Peter Morgan complains that Marlborough Town Council will not have a mandate from the community as we have been denied the opportunity to vote for and endorse new councillors. Does he have any suggestions in how to encourage people to stand as local councillors? I notice that he did not stand for election. The Town Clerk has taken action to raise awareness of the need for councillors and what the role entails. The Town Clerk cannot produce a bigger list of the contenders if members of the community won’t take up the challenge of being a town councillor. Therefore there is no purpose in going to the polls as there isn’t a choice.
I notice that a number of the long-standing councillors are stepping down and look forward to seeing how the dynamics of the new council with will work out. I too wish the new council good luck in their endeavours and am grateful to the established and experienced councillors who remain and who are already working hard to cope with the challenges they will have to manage as the consequence of the additional services and amenities they will be providing as a result of financial cuts to County and Unitarian councils by central government.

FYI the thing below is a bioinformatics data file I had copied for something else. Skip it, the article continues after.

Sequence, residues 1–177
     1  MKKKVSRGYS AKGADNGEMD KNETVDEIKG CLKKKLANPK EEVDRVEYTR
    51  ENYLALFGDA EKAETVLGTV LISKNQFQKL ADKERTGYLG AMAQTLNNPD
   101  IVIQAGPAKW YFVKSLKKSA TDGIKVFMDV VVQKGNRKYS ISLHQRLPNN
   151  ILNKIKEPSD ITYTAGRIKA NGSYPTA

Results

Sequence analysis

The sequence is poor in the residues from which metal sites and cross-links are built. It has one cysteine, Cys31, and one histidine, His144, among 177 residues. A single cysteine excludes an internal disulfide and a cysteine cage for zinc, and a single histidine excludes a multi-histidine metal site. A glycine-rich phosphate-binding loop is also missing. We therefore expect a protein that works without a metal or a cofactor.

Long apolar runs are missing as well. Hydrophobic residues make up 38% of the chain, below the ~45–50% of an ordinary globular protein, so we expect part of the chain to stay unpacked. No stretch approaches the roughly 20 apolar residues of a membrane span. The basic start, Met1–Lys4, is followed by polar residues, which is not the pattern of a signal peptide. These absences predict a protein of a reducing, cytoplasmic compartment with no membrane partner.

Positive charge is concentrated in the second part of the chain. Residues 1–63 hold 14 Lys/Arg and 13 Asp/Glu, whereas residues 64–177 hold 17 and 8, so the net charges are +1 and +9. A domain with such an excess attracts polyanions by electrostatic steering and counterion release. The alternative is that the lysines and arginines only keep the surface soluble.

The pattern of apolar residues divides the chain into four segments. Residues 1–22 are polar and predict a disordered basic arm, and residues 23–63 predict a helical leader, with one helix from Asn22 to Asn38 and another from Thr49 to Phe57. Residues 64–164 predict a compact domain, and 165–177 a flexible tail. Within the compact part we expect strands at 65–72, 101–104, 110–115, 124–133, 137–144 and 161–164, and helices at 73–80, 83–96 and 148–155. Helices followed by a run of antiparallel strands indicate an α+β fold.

Marlborough is a disjointed community and lacks cohesion. I feel this is partly owing to the fact that we have not been able to hold on to many of our young people for several decades. The town is full of critics, many of whom are too busy or don’t see the importance of taking up voluntary roles both within the council and in voluntary groups which can make such a difference to the lives of people of the parish. I have great respect for those who do take on such roles that benefit our community and others.
This attitude of standing back and letting other people do the volunteering will mean that the community will get the community it deserves. There is one thing that Peter Morgan and I agree on. I too am aggrieved by the lack of information from the prospective councillors about their motivation for wanting the role.